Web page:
Fisheries Beyond National Boundaries
U.S. Delegation at the 2010 Annual Meeting of the International Commission for the Conservation of Atlantic Tunas (ICCAT).
Local Vietnam fish market. Most of the seafood imported by the United States comes from Asia.
Fisheries managers from Turkey visited the United States to learn how to target swordfish using buoy gear, a fishing method that yields high quality swordfish with very low rates of bycatch.
Frozen sashimi-grade tuna being processed at a plant in China.
The U.S. approach to science-based fisheries management has become a global model of success. We are leading the way in scientific and technological advancements and in the development of innovative management strategies for sustainable fisheries. The NOAA Fisheries Office of International Affairs aims to promote international cooperation to achieve effective and responsible marine stewardship and ensure sustainable fisheries management globally.
How does our work support U.S. interests and the economy?
The seafood business is a really big deal in the United States. In 2012, U.S. consumers spent an estimated $82.6 billion for fisheries products and U.S. commercial fisheries contributed $42 billion in value added to our Gross National Product.1 Recreational fisheries also play an important role in the U.S. economy. Approximately 11 million U.S. recreational anglers contributed $70 billion in sales impacts to the U.S. economy, generated $32 billion in value added impacts, and supported over 455,000 job impacts in 2011.2 Many of our coastal communities depend on fisheries to support their livelihoods and culture.
What role does NOAA play in international fisheries?
Increasingly, U.S. consumers seek assurances that their seafood is safe, legal, and sustainable. Because the United States imports over 90% percent of its seafood, international negotiations are critical to sustainable management of fisheries beyond U.S. waters. We work with other countries through various international fisheries organizations to promote internationally the same fisheries management and conservation practices we have at home. Our international efforts aim to level the playing field for U.S. fishermen who domestically operate in some of the most sustainably managed and heavily regulated fisheries in the world.
What are some of the biggest challenges facing international fisheries?
One of our greatest challenges is illegal, unreported, and unregulated (IUU) fishing—often referred to as pirate fishing. This is a big problem in developing countries, many of which do not have the means to combat these IUU activities. IUU fishing poses a real threat to fisheries and the marine ecosystem. It also threatens the economy and puts honest fishermen who play by the rules at a disadvantage.
What is NOAA doing to combat IUU Fishing?
We are working internationally to ensure everyone is playing by the rules. In partnership with the U.S. Navy and Coast Guard, NOAA is training enforcement personnel in developing countries to increase their ability to police their fisheries. We also identify nations engaged in IUU fishing and work directly with those countries to address their illegal activities. And we work within international fisheries organizations and other global organizations to make it harder for illegal fishermen to profit from their activities.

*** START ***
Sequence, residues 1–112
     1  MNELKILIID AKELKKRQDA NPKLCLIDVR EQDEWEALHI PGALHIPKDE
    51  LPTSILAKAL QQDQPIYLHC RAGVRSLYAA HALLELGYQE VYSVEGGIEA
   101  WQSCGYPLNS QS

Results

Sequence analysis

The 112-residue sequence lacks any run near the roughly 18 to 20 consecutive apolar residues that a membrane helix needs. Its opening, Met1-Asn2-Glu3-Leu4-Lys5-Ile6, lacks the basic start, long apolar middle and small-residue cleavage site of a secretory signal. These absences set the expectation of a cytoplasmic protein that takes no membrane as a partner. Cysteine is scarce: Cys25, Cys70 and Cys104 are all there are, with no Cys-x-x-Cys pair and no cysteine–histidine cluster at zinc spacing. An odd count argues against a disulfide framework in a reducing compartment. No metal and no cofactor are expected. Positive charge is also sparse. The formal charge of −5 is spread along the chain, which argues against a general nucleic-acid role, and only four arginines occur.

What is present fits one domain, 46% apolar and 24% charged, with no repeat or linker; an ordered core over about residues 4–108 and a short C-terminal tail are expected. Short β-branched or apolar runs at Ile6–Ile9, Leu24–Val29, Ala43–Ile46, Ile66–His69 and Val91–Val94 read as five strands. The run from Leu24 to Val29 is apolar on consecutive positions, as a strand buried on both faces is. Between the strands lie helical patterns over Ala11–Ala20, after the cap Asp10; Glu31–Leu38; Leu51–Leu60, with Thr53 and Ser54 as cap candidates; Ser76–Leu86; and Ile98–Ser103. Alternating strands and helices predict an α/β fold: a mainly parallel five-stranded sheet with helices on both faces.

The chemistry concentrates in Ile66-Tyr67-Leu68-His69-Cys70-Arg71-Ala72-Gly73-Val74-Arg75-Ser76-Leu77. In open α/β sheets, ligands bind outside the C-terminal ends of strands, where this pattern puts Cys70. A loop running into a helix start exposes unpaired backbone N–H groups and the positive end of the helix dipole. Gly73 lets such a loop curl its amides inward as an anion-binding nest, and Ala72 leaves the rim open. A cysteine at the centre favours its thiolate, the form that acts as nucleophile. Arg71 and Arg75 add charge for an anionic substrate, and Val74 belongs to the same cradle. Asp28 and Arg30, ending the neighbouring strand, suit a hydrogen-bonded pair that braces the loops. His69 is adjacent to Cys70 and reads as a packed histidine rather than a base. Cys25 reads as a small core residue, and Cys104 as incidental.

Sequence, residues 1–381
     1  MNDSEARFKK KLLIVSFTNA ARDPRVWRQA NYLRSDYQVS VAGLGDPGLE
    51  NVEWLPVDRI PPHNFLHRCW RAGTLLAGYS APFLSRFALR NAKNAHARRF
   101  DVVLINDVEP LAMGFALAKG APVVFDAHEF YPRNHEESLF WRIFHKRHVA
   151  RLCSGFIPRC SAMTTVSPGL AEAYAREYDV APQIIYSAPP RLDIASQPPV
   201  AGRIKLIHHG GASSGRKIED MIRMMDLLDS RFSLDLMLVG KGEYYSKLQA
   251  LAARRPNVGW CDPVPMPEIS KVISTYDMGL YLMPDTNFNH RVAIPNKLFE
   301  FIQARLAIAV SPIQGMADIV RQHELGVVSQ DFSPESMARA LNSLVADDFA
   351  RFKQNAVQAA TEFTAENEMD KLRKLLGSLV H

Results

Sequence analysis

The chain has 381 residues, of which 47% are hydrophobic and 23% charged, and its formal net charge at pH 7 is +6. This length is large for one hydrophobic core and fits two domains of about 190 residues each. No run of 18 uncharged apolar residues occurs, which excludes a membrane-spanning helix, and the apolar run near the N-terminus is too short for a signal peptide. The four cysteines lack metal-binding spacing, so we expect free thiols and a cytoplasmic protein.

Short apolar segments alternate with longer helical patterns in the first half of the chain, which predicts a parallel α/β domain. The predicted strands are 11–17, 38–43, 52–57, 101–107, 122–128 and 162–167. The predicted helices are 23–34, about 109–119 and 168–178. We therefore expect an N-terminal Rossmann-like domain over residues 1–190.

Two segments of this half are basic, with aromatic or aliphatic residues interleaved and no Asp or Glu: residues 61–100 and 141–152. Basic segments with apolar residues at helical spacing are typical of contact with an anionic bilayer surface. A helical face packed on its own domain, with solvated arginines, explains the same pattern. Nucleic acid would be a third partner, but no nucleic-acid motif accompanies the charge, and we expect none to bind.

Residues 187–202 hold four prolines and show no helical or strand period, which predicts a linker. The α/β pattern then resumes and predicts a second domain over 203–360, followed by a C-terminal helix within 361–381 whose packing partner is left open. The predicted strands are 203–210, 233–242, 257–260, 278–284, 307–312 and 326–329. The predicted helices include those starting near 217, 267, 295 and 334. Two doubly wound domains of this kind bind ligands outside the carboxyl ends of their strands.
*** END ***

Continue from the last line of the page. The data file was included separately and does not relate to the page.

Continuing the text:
How does NOAA’s domestic work influence what happens outside the United States?
The United States is a global leader in fisheries management. Not only have we been able to show that overfishing can be stopped, we are already witnessing progress. In some fisheries stocks are rebuilding to healthy levels and we have been able to increase their quotas. This is an amazing accomplishment to be able to share with the world.
What role do U.S. fishermen and industry groups play in this process?
As we prepare for international meetings, fishermen advise us in our positions. Some innovative industry partners are also sharing potential solutions. For example, a buoy gear fisherman from Florida demonstrated the use of buoy gear for small-scale Turkish fishermen as an alternative to destructive driftnets. When we speak on behalf of the United States, we talk about the changes our fishermen have made and how working together with industry and environmental groups has led to a sustainable future for U.S. fisheries.
Looking ahead, what are the priority areas for international fisheries?
With a fast-growing global population, the demand for seafood will continue to rise. To meet this demand while protecting the marine environment, we must continue to build international cooperation that supports science-based management. Another international issue that needs further attention is bycatch of marine mammals. We have made progress in reducing bycatch of sea turtles and seabirds in international waters, but we have a long way to go with marine mammals. In the United States we have strict guidelines and conservation measures in place for marine mammals. We need to create incentives for other countries to do the same.